February 15, 2017
“Rest well, Gran. Give Grady a hug.”
Above the message, posted only fifty-one minutes earlier by Beeg’s daughter-in-law, Brandy, was a picture of BeeGee and her son, Grady, who had preceded her in death scarcely a year earlier.
Dumbstruck, I was staring at the picture and trying to process the news when my husband came down the stairs.
“What’s the matter, babe?”
I looked up at him, eyes glassy.
“BeeGee passed away,” I said in a voice I didn’t recognize as my own.
A day or two later, we arranged a quick trip down to Port Aransas to attend BeeGee’s memorial.
As surreal as the news seemed, it explained why I hadn’t heard from Beeg during the past two weeks. A lot had happened to both of us, during that short span of time. I had recently undergone surgery to repair a fracture in my humerus, including the implantation of a metal plate and nine screws. I had sent her pictures that Jeff had taken with my cell phone camera on January 10. Two days later, I received a text message from her:
“Having a rough spell here. Been pretty much bed-bound…hoping to get back some stamina…check in when you are up to it”. On January 16, my last piece of correspondence from her, came another message: “How did you fare over the weekend? Hope the pain meds did the trick.”
In the days to follow, I called her. Texted her. Left her one voicemail after another. Although I knew that cancer had once again knocked her under, I prayed that she would rally, as she had so many other times before.
“Hey, Cuz, I’m worried about you. Call me when you feel like it. Okay?”
On February 2, I just happened to go on Brandy’s Facebook page and saw the news: that my cousin had passed away only fifty-one minutes earlier.
One week later, Jeff and I arranged with our neighbor to watch our dog for five days and headed down to Port Aransas on February 9, after my first two weeks of physical therapy on my arm and Jeff’s first twenty days of therapy on his heart.
On our way down, I regaled Jeff with tales of the fun Beeg and I had at Nannie and Granddad’s house in Lamesa, Texas. We were about nine or ten years old at the time.
“Eeew! You’ve got the bogies!” BeeGee said, pointing at me and giggling.
“No I don’t,” I said. “You do.”
“Don’t neither,” she retorted. “You.”
The bogies. They were more than just a cousin thing. They were our thing, as much as playing dress-up in Nannie’s clothing, pretending the butterscotch disks she always kept around were “diet pills”, and surprising Granddad McBride when we managed to sleep outside in our homemade tent in the back yard for the entire night.
Born three months apart — BeeGee’s birthday in August and mine in November — we were the two oldest McBride cousins between my mother and her brother, Bill. Joining us, every summer, were Beeg’s younger sister LouLou and little brothers Mack and Indian, and our cousins, Marcia, Janie, Kathie, and Barbara Sue, daughters of my mother’s other brother, “Oke”. As our three sets of parents visited with each other and Nannie and Granddad, we cousins would run around in the yard and play before putting on a “talent show” in the living room, in front of Nannie and Granddad watching proudly from their recliners. The McBride troupe, directed by my drama-teacher mother, Lois McBride Terry, rivaled The Ed Sullivan Show. Everyone took part. We sang. We put on skits. We did “schtick”.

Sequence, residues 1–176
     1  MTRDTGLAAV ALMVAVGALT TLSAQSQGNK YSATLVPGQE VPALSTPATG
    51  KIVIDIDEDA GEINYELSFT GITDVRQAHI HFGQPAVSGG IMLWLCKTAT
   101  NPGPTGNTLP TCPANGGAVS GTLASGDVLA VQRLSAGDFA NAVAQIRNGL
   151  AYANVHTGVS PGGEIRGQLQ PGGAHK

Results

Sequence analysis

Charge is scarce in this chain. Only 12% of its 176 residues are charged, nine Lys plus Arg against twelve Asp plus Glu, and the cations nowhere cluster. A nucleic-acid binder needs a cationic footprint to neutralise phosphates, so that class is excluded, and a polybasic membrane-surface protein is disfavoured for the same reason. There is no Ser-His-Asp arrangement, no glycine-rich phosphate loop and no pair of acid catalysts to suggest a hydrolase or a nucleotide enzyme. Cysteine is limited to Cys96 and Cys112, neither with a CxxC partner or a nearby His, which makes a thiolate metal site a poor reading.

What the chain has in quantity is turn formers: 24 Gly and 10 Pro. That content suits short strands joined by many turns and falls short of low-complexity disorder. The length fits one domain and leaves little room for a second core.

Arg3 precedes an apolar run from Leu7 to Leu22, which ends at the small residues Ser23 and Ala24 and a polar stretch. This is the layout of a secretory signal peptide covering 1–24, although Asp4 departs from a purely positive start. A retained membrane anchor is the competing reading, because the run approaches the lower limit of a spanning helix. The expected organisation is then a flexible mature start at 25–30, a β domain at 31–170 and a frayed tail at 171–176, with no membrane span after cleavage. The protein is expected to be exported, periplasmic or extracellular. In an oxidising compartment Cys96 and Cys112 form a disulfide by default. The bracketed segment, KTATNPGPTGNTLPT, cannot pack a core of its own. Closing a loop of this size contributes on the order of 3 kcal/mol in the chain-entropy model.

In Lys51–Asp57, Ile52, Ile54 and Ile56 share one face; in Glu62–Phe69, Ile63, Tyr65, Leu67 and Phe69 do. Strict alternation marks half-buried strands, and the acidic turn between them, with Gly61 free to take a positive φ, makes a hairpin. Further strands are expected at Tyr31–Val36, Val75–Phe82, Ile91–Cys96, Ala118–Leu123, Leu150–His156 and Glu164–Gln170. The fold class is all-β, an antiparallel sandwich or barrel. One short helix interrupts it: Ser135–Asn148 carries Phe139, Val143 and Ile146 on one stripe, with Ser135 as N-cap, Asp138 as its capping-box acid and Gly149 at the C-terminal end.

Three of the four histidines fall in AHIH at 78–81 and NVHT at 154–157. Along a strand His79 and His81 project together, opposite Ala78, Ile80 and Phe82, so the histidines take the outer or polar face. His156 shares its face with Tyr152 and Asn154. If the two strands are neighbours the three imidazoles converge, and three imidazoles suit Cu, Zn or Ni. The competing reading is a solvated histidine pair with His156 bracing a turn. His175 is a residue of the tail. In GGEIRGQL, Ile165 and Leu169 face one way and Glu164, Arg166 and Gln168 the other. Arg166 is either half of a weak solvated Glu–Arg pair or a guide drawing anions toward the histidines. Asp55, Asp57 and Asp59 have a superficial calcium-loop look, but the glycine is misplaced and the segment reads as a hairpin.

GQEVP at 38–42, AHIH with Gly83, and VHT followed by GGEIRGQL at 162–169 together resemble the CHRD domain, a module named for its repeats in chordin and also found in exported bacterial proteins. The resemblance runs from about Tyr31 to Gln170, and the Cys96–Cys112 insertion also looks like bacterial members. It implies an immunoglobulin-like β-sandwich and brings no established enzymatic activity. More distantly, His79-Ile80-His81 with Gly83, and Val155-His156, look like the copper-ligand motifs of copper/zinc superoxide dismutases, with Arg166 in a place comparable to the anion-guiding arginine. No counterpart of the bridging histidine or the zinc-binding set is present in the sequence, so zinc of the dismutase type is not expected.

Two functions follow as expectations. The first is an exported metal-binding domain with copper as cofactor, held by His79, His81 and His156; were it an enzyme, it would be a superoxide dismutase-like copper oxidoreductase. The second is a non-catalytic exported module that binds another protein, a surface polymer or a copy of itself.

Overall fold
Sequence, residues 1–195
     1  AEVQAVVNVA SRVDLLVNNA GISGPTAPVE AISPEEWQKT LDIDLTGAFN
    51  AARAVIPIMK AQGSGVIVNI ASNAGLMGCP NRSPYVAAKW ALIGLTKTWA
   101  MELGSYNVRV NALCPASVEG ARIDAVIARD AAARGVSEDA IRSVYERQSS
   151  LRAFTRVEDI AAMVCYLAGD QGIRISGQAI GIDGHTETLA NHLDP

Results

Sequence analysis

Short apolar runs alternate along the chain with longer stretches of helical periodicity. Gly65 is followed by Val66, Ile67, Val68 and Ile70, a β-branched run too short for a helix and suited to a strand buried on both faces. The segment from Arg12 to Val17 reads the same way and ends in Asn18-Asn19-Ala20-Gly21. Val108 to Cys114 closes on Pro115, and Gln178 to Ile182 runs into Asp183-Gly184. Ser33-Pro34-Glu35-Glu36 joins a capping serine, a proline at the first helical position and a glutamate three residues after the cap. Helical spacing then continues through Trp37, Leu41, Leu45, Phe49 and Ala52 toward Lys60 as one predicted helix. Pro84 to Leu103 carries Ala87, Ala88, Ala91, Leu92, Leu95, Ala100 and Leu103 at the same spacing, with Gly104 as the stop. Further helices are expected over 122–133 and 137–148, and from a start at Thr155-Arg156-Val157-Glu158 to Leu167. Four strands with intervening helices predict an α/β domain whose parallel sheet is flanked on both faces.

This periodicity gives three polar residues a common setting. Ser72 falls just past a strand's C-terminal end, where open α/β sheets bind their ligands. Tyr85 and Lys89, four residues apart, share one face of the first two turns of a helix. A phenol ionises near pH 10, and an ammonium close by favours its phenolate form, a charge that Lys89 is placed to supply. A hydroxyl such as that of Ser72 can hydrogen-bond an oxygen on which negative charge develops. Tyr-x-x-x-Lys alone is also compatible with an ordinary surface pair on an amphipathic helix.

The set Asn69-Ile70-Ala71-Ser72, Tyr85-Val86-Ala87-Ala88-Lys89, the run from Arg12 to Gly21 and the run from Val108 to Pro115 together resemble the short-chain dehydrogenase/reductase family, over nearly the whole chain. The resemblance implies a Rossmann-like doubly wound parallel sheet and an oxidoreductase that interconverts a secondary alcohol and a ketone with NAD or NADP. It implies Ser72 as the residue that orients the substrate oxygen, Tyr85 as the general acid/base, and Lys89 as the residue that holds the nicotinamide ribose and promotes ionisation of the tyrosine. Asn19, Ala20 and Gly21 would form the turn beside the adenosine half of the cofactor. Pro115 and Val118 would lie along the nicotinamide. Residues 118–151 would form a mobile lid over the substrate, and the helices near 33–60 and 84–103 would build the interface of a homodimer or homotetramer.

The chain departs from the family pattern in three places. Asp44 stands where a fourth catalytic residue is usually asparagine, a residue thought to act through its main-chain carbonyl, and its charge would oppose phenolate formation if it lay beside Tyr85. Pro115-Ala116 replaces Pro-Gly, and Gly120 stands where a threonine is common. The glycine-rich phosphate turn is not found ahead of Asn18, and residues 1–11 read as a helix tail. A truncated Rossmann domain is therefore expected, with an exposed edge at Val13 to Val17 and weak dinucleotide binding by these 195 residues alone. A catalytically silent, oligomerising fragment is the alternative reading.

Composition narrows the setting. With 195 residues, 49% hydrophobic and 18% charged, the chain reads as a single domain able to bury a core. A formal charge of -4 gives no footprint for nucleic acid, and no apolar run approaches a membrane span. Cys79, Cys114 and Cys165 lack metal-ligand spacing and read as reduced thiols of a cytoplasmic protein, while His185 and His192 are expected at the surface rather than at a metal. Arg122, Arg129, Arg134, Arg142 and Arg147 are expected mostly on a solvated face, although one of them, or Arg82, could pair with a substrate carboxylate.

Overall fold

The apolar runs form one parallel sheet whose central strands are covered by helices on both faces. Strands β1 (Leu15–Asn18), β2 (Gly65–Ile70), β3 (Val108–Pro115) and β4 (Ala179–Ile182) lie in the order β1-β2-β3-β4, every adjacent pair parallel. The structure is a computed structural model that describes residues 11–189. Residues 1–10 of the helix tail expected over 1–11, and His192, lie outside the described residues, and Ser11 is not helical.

The following few days, after Beeg’s parents took the boys home, Nannie and Granddad would take us girls to the variety store in Lamesa’s town square and buy us one one-dollar toy apiece. Now, keep in mind that, in the mid-1950s, one whole dollar was enough to buy a package of paper dolls, remnants to make doll clothes which my mother would sew for our dolls, and a variety of other goodies which we would happily tote home.
That night, we McBride girls slept on a pallet in front of the television in Granddad’s undershirts until around 1959 when we became self-conscious about our blossoming bodies and slipped into our jammies or gowns.
Years later, when BeeGee and I were marrying and having our first babies, we got busy with our own lives and saw each other sporadically until early January, 2009, when she sent me an email about The Laughing Gull Writers’ Workshop meeting in Port Aransas, that weekend.
“This doesn’t appeal to me, but it has your name written all over it,” Beeg said. “Why don’t you plan to come down, that weekend. I’d love to see you, again.”
It just so happened that I had the funds to book a flight and, because my semester hadn’t started yet, I was able to fly down to Corpus Christi where Beeg met my plane. That night, I met some of her friends whom she had invited to meet her “Cousin Kim”.
Four years later, after a taxing semester, I screwed up the courage to drive down to Port Aransas all by my big, grown-up self. The next year, I introduced Jeff, my bridegroom of two months, to BeeGee who let us stay in the unit next door to hers. For us, it was a delayed honeymoon, as in March, I was focused on school.
The last time Jeff and I visited her, BeeGee took me over to the unit she had reserved for us when we went down for her son Grady’s memorial service.
“What exactly were the bogies?” I asked.
“Why don’t you know? The ‘bogies’ were stinky feet.”
As we pulled into the driveway outside the Yellow Fin, she nudged me, “And, Cousin Kim, you won that prize, hands-down.”